College of ACES
College News

ACES ACCESS enables community college students to earn U of I credit

Published February 4, 2011
The University of Illinois is now offering College of Agricultural, Consumer, and Environmental Sciences (ACES) courses to Illinois community college students through a new partnership known as ACES ACCESS. These courses combine distance learning technology and an on-campus lab to enable community college students to complete U of I credits.

ACES ACCESS allows community college students to complete basic courses in animal, plant, and soil sciences that may not otherwise be offered in their location.

Introductory courses in Horticulture and Animal Sciences will be offered in spring 2011 and fall 2011, respectfully.

"ACES ACCESS was developed to expand the range of agriculture courses that community colleges can offer their students, with the understanding that many Illinois colleges are challenged by declining financial and faculty resources," said ACES Associate Dean of Academic Programs Laurie Kramer.

In a collaborative effort to properly prepare students to meet the demand of the 48,000 ag-related jobs that become available each year, Kramer along with Dennis Sorensen of Kankakee Community College, developed the ACES ACCESS program with a team of leaders from other Illinois community colleges

During the 2011 spring semester, Robert Skirvin and Margaret Norton, from the U of I Department of Crop Sciences, are teaching "Introduction to Horticulture." Participating colleges are Southeastern Illinois College, Kankakee Community College, Sauk Valley Community College, Wilbur Wright College in Chicago, Waubonsee Community College, Rock Valley College, and Carl Sandburg College. In all, 32 community college students are participating this semester.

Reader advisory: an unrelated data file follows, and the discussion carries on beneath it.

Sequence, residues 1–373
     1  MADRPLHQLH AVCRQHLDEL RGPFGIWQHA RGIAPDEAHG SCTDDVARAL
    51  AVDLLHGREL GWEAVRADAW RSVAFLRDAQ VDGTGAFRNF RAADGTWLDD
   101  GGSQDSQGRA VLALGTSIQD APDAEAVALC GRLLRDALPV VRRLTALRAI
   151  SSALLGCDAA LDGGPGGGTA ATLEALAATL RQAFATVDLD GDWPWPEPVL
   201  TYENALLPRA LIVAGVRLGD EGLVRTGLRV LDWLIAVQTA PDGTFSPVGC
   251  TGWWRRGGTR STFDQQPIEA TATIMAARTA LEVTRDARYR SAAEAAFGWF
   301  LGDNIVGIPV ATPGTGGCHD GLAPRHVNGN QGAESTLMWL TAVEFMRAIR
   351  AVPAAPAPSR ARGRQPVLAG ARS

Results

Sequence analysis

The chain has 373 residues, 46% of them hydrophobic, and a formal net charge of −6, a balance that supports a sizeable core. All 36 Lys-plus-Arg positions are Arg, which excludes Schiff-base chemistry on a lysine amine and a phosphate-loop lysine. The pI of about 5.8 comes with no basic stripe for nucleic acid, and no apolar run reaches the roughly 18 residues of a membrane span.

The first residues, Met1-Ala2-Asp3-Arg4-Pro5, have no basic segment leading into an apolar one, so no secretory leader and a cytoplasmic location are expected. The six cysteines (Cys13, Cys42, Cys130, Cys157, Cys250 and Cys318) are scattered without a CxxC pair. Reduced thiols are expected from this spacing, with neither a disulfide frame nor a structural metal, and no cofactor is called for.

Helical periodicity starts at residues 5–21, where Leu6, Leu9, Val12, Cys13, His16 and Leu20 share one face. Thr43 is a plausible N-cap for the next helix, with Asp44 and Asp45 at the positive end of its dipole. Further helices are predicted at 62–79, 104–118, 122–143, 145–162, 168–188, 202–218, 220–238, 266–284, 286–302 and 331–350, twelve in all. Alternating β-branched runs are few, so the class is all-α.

"The course itself covers many topics on an introductory level, including how horticulture affects our daily lives from what we eat to where we live, and the pleasure we take in a garden or a simple flower," Norton said. "We talk about horticulture from the standpoint of an art, a science, and a business. We look at plants from the cellular level to the whole plant level."

Students in Introduction to Horticulture take part in a blended-learning environment including weekly course meetings via the interactive distance learning technology known as Elluminate (www.elluminate.com), an asynchronous instruction course management system, and will meet for one all-day, face-to-face on-campus lab in April. In addition to the on-campus lab, students will participate in independent lab projects and assignments.

This course is the fourth course offered in a sequence of introductory U of I agricultural science courses taught via distance learning technologies. Previously taught courses include Animal Sciences, Crop Sciences, and Soil Science.

All Illinois community colleges have been invited to participate in the new program by offering any or all of the courses. Participating students register through their regular registration process each semester and pay the standard tuition rate of their home institution while earning course credit through their college. Credits are easily transferrable to the University of Illinois or other 4-year institutions.

For more information about the program, contact Heather Miller, program director, at hmiller1@illinois.edu or 217-265-6568.

Digital photos available at: http://www.aces.uiuc.edu/news/News_Photos/Access